When I originally decided to start blogging, I told myself that I would blog at least once a day. I have to admit, that I haven't been living up to that commitment. As a new blogger, the hardest thing about blogging, is coming up with something of interest. These days millions of people blog and with the threat of sounding ubiquitously redundant, I have to blog in a way that offers unique perspective and insight. With that being said, I hope you find my blogs both interesting, insightful, and fun.
I made these Red Velvet cupcakes last weekend for fundraising event at my church . It always blows my mind how often people think of the red velvet cake as a devil's food or chocolate cake with red food coloring added to it. This discussion was prompted by my original post on facebook, when I simply uploaded my pictures. Now, if you've ever had a "real" red velvet cake (not a chocolate or white boxed cake mix with red food coloring added), then you would understand that it hardly taste of anything chocolate, but I guess that would depend on who's making it. If you have ever made a red velvet cake, then you would realize that it is deliciously in a category all of its own. So then why do most people think that it's a "light" chocolate cake? The most intelligent answer, because it contains chocolate, more specifically, cocoa powder. I've seen RV cake recipes that contain anywhere from a teaspoon cocoa, to 1/2 cup cocoa powder. If any single RV cake recipe contains more than 3 tablespoons of cocoa powder, then it is clearly a "light" chocolate cake. That's simply my opinion.
So let's talk about the flavor. Most red velvet cake recipes contain: cocoa powder(dutch process or natural), pure vanilla extract (pure), buttermilk (I use sour cream), red food color, and vinegar. Of course we have the dry ingredients: flour, salt, leavening and sugar. Before I came up with my own recipe, I tried several different ones and in every one, the most interesting ingredient that I found was vinegar. I asked myself why in the heck would anyone put vinegar in a cake? Then I thought to myself, vinegar is an acid and the RV cake contains baking soda that would react with the acid and help with the leavening. Then I thought, RV cake also contains buttermilk and cocoa powder (if you're using natural), which are also acidic and should make the batter's Ph acidic enough, to react in the same way. So why then, would you add vinegar to the cake at all? What I found in most recipes, is that we do what's traditional and not what's always discerningly practical. There are different schools of thought on why there is vinegar present in the cake, but that topic is outside the scope of this discussion. I do know that adding the right amount of vinegar gives the red velvet cake a flavor (combined with the other ingredients), that's nothing like a regular chocolate cake. I also noticed that some recipes require that you add the vinegar and buttermilk together and add them at the end of the mixing process, while other recipes state to add the vinegar last. I got mixed results with this step. I add the baking soda with the dry ingredients and I fold the vinegar into the final batter. I choose sour cream to buttermilk for velvety texture and richness and I added an extra amount of pure vanilla extract (as I always do).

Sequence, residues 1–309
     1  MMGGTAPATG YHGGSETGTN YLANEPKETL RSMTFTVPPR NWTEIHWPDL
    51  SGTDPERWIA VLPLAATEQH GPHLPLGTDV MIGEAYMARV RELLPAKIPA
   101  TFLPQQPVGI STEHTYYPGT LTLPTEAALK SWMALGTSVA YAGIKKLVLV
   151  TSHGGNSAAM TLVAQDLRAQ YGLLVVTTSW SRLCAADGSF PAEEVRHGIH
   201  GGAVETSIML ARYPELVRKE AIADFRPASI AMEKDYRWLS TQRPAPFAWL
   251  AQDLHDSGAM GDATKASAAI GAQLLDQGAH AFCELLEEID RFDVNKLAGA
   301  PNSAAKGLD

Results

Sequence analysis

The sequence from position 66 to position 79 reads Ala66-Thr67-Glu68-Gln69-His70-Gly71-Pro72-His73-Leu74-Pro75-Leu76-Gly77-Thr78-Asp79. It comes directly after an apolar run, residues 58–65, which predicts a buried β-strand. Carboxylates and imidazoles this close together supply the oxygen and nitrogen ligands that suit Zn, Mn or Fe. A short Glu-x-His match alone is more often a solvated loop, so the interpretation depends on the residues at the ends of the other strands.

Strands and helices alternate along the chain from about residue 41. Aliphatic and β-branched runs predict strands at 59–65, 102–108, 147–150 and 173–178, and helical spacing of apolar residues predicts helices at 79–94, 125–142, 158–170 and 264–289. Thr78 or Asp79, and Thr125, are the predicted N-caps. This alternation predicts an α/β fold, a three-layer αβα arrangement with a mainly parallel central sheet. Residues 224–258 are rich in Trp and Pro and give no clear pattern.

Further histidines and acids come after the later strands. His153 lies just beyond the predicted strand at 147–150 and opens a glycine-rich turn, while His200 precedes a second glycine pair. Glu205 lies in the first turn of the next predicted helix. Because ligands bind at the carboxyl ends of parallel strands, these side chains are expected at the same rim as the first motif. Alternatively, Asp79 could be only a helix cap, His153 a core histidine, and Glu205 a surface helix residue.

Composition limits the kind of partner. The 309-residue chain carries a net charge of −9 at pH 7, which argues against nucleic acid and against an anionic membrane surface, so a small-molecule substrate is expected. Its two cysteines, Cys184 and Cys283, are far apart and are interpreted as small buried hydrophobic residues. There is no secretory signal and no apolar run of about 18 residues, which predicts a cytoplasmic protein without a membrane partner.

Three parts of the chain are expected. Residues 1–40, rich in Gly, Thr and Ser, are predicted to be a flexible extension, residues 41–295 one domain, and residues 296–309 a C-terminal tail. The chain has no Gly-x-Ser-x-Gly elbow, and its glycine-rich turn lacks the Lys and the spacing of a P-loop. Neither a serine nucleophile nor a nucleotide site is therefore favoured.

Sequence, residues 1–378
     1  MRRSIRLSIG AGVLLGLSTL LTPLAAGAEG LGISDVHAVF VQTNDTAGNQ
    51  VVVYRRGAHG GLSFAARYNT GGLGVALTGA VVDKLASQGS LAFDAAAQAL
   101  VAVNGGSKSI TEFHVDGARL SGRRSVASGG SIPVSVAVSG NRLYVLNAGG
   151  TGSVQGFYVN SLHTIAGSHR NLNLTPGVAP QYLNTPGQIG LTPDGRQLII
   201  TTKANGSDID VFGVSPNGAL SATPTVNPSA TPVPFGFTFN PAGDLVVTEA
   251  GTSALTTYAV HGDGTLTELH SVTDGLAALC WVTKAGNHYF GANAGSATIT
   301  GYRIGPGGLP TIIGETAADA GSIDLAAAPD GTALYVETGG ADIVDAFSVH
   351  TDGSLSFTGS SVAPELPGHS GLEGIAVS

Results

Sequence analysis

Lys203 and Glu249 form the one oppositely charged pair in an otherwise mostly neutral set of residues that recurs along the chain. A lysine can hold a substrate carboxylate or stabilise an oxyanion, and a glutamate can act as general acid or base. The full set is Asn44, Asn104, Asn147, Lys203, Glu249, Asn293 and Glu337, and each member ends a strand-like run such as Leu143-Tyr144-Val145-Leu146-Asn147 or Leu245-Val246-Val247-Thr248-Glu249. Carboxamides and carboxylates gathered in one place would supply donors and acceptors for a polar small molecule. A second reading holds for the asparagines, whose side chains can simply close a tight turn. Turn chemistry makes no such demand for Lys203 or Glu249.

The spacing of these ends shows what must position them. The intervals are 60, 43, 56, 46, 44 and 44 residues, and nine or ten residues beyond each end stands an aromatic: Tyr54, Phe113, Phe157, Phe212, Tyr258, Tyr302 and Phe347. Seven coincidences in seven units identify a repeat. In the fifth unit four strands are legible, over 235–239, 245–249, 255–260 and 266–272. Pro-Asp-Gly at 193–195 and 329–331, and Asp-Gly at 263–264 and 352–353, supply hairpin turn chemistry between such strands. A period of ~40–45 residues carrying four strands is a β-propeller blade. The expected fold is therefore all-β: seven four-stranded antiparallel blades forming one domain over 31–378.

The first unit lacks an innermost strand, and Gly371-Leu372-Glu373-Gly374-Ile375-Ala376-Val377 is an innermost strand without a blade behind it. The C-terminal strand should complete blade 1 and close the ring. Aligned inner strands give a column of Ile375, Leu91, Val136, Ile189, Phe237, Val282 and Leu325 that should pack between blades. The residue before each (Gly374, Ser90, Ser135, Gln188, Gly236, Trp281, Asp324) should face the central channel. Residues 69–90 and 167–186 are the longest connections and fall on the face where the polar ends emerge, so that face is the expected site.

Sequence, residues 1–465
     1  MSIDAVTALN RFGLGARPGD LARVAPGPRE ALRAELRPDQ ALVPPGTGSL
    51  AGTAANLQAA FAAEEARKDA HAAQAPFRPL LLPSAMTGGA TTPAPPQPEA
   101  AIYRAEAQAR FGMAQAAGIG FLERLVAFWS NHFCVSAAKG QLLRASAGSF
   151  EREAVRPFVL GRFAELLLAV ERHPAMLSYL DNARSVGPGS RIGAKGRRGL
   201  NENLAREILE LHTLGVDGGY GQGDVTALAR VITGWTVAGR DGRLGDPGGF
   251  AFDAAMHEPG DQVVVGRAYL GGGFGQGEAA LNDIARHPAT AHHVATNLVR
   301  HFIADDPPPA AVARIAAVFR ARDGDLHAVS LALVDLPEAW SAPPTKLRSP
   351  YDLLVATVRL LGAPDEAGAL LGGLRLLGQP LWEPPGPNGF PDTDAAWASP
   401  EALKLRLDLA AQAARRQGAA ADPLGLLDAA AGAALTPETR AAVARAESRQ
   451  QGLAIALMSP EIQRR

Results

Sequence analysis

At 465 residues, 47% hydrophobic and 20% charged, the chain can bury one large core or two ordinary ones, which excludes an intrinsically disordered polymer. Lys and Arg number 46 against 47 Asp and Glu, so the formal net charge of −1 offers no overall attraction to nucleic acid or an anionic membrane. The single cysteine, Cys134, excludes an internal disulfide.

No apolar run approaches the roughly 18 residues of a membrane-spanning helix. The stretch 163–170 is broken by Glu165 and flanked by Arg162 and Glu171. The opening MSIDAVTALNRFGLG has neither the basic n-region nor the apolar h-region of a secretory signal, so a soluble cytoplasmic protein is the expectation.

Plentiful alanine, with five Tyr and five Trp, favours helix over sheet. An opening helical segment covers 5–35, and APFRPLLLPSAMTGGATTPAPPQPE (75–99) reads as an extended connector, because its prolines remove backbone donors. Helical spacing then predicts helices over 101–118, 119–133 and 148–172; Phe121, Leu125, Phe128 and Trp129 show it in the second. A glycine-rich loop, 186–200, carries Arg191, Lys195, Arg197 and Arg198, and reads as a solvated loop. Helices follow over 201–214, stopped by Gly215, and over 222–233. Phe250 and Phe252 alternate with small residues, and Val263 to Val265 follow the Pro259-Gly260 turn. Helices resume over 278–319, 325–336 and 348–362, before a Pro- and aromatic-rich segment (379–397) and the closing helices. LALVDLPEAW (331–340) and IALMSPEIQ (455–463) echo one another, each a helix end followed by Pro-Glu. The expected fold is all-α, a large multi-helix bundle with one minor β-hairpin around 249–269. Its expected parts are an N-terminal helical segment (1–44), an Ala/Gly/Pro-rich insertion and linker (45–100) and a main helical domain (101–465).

Red food coloring "could" also contribute to taste. Most people find that in excess, it can taste quite bitter which is true. However, in the right amounts, it might lend it's own uniqueness to the cake. I can't comment on this since I've never tasted food coloring by itself and I don't plan to. So then how do we classify a red velvet cake? If you asked me, in a class of it's own. I'll invited you to try mines if you are anywhere near Los Angeles, CA and be blown away. What are your thoughts on the subject? Happy Baking!